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Amazon Machine Learning
Developer Guide (Version Latest)

Recipe Format Reference

Amazon ML recipes contain instructions for transforming your data as a part of the machine learning process. Recipes are defined using a JSON-like syntax, but they have additional restrictions beyond the normal JSON restrictions. Recipes have the following sections, which must appear in the order shown here:

  • Groups enable grouping of multiple variables, for ease of applying transformations. For example, you can create a group of all variables having to do with free-text parts of a web page (title, body), and then perform a transformation on all of these parts at once.

  • Assignments enable the creation of intermediate named variables that can be reused in processing.

  • Outputs define which variables will be used in the learning process, and what transformations (if any) apply to these variables.

Groups

You can define groups of variables in order to collectively transform all variables within the groups, or to use these variables for machine learning without transforming them. By default, Amazon ML creates the following groups for you:

ALL_TEXT, ALL_NUMERIC, ALL_CATEGORICAL, ALL_BINARY –Type-specific groups based on variables defined in the datasource schema.

Note

You cannot create a group with ALL_INPUTS.

These variables can be used in the outputs section of your recipe without being defined. You can also create custom groups by adding to or subtracting variables from existing groups, or directly from a collection of variables. In the following example, we demonstrate all three approaches, and the syntax for the grouping assignment:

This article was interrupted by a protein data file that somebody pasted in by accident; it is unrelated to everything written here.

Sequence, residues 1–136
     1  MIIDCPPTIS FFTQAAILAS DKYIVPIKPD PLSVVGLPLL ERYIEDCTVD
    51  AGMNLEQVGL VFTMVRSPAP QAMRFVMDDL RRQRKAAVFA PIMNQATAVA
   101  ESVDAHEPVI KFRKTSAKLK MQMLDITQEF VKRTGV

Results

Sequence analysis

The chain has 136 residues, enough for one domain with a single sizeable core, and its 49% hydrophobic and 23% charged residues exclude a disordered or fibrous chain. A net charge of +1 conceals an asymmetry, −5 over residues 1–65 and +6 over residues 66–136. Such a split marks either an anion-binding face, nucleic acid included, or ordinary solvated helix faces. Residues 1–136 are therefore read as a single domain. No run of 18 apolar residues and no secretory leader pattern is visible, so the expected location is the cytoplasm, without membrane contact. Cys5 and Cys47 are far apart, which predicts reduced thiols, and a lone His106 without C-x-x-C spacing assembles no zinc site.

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"groups": { "Custom_Group": "group(var1, var2)", "All_Categorical_plus_one_other": "group(ALL_CATEGORICAL, var2)" }

Group names need to start with an alphabetical character and can be between 1 and 64 characters long. If the group name does not start with an alphabetical character or if it contains special characters (, ' " \t \r \n ( ) \), then the name needs to be quoted to be included in the recipe.

Assignments

You can assign one or more transformations to an intermediate variable, for convenience and readability. For example, if you have a text variable named email_subject, and you apply the lowercase transformation to it, you can name the resulting variable email_subject_lowercase, making it easy to keep track of it elsewhere in the recipe. Assignments can also be chained, enabling you to apply multiple transformations in a specified order. The following example shows single and chained assignments in recipe syntax:

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"assignments": { "email_subject_lowercase": "lowercase(email_subject)", "email_subject_lowercase_ngram":"ngram(lowercase(email_subject), 2)" }

Intermediate variable names need to start with an alphabet character and can be between 1 and 64 characters long. If the name does not start with an alphabet or if it contains special characters (, ' " \t \r \n ( ) \), then the name needs to be quoted to be included in the recipe.

Outputs